Yes, folks, it's going to get a little awkward today. We're going to talk about love. Not the lovey-dovey, stars-in-your-eyes kind of love, either. The messy, "why do I always have to be the one who cleans the bathtub?" kind of love.
And I mean that quite literally. For thirteen years I have been cleaning hair out of the bathtub. And it's not my hair. I have gone through stages on this. First there was a honeymoon period, then annoyance, then anger, then resentment, then forgiveness, then...
My mother died. And something odd happened. She started turning up in unexpected ways during my daily life: when I read to my daughter, or listened to music, or watched a program on television. And when I cleaned the bathtub.
I realized that, in all the years while I was growing up, our bathtub was immaculate. I never gave one thought to it. I thought that all bathrooms, by their very nature, were sparkling clean. So that day I had a vision, I guess, sort of "Our Lady of the Bathtub." My mother, with whom I had a stormy and heart-wrenching relationship, had been cleaning that bathtub year after year, like magic. And I had enjoyed that, without knowing how it happened.
Only it wasn't magic. I now saw it as an invisible act of love. Love in action, love as an act of the will. And I had a choice to do the same. I didn't have to do it, but I could choose to do it. I could choose how I wanted to look at it. It may sound highly unliberated to say that I found a way to ennoble the act of cleaning hair out of the bathtub. But what is liberated about it is the choice.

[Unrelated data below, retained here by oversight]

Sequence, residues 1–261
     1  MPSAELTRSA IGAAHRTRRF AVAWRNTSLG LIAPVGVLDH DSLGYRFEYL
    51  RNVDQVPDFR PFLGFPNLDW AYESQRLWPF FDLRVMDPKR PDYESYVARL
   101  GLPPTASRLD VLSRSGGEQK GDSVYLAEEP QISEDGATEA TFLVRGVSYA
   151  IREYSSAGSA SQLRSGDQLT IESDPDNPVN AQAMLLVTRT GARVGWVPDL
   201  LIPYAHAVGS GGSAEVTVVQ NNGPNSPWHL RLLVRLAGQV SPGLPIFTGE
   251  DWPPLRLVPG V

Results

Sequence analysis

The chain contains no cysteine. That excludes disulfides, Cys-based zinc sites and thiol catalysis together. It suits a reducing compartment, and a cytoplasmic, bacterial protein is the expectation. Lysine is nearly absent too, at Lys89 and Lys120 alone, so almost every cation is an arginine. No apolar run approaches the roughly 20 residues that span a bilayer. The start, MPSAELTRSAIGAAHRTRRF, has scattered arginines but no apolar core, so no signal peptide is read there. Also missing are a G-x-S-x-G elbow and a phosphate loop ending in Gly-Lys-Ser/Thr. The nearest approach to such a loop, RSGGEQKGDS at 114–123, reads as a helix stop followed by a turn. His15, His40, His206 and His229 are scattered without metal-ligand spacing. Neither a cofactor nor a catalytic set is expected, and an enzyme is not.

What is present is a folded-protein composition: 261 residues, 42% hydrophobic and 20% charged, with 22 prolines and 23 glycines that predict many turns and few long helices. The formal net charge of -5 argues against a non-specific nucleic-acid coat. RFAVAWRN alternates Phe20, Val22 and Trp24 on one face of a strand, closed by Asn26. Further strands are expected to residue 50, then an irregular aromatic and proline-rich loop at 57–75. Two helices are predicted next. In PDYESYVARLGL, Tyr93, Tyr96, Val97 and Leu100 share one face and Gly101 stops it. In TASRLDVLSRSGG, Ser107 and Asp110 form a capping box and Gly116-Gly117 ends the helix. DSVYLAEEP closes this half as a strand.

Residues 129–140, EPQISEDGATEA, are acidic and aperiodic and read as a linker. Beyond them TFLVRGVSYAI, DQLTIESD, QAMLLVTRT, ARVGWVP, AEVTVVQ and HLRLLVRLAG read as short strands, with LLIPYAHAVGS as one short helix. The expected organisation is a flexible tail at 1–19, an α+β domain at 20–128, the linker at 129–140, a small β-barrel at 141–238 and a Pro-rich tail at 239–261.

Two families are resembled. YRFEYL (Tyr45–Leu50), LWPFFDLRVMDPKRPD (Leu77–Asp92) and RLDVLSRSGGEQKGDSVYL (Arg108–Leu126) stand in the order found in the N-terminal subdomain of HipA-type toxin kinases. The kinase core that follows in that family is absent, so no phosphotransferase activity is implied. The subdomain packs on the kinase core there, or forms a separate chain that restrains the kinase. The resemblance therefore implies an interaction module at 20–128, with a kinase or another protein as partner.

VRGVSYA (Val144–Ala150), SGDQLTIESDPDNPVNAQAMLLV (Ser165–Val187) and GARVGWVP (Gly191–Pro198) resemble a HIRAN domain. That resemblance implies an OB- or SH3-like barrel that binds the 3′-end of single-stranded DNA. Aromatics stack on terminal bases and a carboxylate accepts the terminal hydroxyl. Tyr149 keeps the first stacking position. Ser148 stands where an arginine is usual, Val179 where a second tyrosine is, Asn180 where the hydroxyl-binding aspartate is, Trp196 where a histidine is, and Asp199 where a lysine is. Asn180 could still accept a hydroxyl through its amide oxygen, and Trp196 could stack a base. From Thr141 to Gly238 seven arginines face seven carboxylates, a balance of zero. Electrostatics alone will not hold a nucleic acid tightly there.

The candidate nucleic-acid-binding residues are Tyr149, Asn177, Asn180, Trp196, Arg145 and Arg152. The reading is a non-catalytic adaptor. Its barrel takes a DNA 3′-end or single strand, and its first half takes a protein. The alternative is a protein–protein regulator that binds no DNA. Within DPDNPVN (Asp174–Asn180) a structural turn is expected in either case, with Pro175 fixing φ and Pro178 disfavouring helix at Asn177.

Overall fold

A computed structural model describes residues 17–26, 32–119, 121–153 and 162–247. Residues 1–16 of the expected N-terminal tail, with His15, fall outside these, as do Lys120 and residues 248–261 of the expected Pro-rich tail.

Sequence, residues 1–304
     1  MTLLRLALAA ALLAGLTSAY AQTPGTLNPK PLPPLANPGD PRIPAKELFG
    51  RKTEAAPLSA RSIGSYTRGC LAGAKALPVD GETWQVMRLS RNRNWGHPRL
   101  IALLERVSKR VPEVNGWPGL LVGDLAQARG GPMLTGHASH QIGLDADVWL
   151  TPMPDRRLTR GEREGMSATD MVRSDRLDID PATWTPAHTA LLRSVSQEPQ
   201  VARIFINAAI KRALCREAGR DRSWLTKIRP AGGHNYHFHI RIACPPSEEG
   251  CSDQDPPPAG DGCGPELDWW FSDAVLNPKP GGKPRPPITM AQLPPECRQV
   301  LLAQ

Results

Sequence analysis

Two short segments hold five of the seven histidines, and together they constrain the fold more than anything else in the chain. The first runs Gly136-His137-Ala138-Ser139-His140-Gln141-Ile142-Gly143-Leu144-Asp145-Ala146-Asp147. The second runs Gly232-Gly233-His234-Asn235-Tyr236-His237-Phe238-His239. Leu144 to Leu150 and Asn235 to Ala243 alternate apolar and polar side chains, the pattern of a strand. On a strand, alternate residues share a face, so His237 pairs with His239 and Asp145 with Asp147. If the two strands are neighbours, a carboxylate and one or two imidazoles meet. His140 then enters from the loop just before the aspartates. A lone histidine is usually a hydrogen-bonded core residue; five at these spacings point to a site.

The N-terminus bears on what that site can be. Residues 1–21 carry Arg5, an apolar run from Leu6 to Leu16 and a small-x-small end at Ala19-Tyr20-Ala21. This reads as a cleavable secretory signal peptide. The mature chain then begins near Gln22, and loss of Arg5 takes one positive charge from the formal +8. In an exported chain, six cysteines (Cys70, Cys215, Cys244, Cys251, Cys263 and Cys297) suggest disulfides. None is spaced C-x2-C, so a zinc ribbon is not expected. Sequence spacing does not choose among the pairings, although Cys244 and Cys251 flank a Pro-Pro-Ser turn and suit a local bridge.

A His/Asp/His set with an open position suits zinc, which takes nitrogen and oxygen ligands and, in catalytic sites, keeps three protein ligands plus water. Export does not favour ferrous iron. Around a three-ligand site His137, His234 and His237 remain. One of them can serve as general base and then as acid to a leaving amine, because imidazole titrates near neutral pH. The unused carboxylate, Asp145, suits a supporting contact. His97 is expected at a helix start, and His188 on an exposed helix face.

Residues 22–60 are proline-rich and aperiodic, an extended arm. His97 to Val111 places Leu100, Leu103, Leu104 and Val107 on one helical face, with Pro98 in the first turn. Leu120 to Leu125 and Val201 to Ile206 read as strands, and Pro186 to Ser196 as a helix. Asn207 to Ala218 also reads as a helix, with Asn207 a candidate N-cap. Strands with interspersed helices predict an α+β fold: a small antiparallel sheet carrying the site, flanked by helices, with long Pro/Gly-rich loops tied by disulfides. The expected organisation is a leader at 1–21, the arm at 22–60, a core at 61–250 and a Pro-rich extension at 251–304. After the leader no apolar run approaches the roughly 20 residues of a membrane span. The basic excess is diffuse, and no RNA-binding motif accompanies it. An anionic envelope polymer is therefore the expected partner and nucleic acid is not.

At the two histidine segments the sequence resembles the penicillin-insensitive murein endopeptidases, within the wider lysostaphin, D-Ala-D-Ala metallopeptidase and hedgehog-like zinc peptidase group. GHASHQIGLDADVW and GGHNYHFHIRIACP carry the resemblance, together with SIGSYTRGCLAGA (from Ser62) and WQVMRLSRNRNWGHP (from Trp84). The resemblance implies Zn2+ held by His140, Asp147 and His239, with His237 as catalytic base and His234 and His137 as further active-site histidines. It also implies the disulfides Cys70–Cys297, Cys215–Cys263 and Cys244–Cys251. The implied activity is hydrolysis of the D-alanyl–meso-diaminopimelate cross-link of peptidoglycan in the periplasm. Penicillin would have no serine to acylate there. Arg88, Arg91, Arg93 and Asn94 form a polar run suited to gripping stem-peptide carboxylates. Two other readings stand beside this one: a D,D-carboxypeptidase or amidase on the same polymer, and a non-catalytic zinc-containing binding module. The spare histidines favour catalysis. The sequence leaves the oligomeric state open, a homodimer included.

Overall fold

(Here it comes--the connection!)
Some things in our community life are like cleaning the hair out of the bathtub. School redistricting. Supporting non-profits. Attention to aquatics infrastructure. Careful stewardship of our land. Transportation. Serving on a Village Board. You don't have to do them. You have to make the choice.
The post-election internet has been filled with anger and hurt feelings on both sides. I've been struggling with how to react, what to feel, what to do. Yesterday, while reading annieriedora's post I had a familiar epiphany: choose to do the messy, unsexy thing which is your way of making love visible--in your community, and in the world.
"If I could wave a magic wand," or "If I won the Lottery," I'd never have to clean the bathtub again. Have you said it? I have. But the things we can't throw magic or money at still need to be done. They are the things the others may enjoy without ever knowing who did them. And that doesn't really matter.
What matters is that these are the choices that will make connections between people, rather than dividing them. I'm grateful to the community of voices in @Hocoblogs for reminding me how simple it is to begin.
And keep at it.